Saturday, March 9, 2013

Sailor Mouth Saturday: Lap

Today's word swings widely at sea. From superstitions about weather to naval uniforms to the building of iron vessels, lap plays a little part in them all.

In shipbuilding, lap over revers to the carlings of masts which Admiral Smyth explains clearly in The Sailors Word Book:

Pieces of timber about five inches square, lying fore and aft, along from one beam to another. On and athwart these the ledges rest, whereon the planks of the deck and other portions of carpentry are made fast.

Thus, the mast carlings are said to lap over or upon the deck because they are necessarily deep. Laps proper are the ends of a carling that support an unusual heft. Admiral Smyth gives the example of the capstan step.

Lap jointing refers to the overlapping plates of iron on a vessel. This form of shipbuilding is similar to the old wooden fashion known as clincher or clinker building.

We've all read of the wave "lapping" at the shore or some other solid surface but at sea, lapping often refers to thin ice. Indicating the way the ice slowly builds as the temperature descends, these layers of overlapping ice can be an extreme danger to ships and men, trapping or even crushing vessels in their stealthy grasp.

The word lapel (lapelle) was once as important to naval uniforms as the more modern epaulette. The golden fringed epaulette came into use in European navies during the late 18th and early 19th century. Prior to that, a white lapelle was used in uniform making to indicate the rank of lieutenant. Admiral Smyth quotes what he calls "the brackish poet, in the craven midshipman's lament":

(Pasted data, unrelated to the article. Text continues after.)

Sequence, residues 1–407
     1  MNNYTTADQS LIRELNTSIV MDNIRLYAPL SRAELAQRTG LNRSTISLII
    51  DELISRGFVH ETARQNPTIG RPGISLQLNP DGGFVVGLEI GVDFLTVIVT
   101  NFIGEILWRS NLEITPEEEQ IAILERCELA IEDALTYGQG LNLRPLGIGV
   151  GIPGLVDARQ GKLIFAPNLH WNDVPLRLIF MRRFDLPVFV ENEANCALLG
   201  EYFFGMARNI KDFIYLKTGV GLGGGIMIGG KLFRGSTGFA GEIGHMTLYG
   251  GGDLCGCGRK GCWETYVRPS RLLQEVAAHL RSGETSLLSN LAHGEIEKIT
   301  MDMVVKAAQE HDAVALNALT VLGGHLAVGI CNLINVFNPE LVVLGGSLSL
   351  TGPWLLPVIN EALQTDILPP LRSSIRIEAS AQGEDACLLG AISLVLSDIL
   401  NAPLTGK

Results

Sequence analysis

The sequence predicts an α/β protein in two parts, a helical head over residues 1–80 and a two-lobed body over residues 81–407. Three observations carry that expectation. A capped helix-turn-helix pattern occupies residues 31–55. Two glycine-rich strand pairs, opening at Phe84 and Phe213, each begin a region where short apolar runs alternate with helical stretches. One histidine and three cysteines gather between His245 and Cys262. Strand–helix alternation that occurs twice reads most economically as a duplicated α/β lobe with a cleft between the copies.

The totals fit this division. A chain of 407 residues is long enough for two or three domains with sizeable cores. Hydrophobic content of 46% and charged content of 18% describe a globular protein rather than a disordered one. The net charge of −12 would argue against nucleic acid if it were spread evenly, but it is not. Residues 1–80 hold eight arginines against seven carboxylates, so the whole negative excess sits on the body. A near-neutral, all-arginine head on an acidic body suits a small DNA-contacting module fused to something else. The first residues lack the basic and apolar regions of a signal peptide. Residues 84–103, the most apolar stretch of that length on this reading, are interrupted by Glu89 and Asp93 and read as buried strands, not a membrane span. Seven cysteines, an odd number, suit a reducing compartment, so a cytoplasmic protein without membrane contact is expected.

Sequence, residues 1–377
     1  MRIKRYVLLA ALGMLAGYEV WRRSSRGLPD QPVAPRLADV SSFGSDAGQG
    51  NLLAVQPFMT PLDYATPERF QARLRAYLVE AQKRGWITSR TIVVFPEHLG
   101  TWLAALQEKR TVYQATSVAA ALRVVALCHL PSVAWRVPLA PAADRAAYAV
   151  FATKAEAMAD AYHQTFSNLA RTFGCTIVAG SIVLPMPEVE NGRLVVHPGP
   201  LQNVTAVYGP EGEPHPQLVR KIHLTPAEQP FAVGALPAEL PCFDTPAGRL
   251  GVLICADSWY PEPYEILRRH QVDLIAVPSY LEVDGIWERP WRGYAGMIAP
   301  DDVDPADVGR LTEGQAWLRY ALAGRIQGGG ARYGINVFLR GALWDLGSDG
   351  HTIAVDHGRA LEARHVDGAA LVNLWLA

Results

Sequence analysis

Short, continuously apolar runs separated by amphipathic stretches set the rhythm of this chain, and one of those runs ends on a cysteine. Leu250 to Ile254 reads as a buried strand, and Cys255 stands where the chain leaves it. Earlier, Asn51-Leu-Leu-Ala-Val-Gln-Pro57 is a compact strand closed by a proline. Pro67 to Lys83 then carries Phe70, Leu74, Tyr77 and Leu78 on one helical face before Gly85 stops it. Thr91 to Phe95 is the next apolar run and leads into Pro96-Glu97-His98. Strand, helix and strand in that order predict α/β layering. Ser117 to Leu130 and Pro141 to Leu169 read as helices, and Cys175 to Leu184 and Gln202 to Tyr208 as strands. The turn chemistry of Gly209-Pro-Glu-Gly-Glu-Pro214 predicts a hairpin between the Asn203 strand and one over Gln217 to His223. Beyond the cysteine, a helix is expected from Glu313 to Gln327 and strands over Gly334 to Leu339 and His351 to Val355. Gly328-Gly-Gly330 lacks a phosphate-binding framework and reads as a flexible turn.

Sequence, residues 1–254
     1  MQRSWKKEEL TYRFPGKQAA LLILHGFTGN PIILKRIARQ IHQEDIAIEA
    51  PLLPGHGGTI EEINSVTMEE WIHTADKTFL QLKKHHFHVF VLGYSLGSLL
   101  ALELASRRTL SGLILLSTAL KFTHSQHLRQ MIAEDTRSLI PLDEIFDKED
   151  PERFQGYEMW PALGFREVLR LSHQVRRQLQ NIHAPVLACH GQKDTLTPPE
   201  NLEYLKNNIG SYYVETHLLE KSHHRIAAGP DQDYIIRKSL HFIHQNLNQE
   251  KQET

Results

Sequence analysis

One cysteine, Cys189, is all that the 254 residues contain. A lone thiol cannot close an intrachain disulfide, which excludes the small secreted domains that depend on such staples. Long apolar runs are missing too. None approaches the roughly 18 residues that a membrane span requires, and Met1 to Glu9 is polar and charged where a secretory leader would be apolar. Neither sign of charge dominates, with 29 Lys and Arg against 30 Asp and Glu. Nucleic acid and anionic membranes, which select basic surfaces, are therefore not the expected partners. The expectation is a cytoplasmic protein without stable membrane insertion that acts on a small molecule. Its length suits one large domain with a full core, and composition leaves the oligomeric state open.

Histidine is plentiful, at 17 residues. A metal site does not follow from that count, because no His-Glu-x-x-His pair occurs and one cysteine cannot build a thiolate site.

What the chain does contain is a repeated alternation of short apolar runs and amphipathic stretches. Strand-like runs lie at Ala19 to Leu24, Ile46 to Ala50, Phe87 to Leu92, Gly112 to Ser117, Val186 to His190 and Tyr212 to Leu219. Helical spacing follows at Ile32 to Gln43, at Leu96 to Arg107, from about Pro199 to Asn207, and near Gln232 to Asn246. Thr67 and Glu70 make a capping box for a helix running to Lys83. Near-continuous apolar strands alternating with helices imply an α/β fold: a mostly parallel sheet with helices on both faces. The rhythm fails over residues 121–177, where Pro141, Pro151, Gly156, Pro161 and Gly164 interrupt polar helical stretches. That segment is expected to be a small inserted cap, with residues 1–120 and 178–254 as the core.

If I had in my country staid,
I then had learnt some useful trade,
And scorned the white lapelle.

In northern seas women who claimed a certain talent for weather-witchery were sometimes dubbed Lapland Witches. Apparently the women of this Finish tribe were more than capable of bringing fair weather - but at a price. One was considered an ignorant gob among his mates if he bought weather for coin.

Famously, the dish known as lap's course is said to be one of the oldest savory dishes served to any working ship's foc's'l men. It developed into the more familiar lobscouse, a stew of salted meat, potatoes, onions, spices and ship's biscuit for thickening that warmed the heart and stuck to the ribs of many a hungry seamen throughout history.

And so, an end to lap. I chose this word today because it is my youngest daughter's fourteenth birthday today. Like any mother who loves her children, I now see a beautiful young lady but remember a very little redhead who used to like to sit on my lap and listen to me sing...

Happy Saturday, Brethren; fair winds, following sails and full tankards to you all!

Header: Beach Scene by Gustav Courbet c 1874 via Old Paint


Timmy! said...

This post made me think of the song "Happy Jack" by The Who, Pauline:

"But they couldn't stop Jack, 'or the waters lapping,

And they couldn't prevent Jack from being happy."

Pauline said...

Which in turn makes me think of drag queen Roxxxy Andrews being left at a bus stop by her mom when she was three years old. What the hell is wrong with people?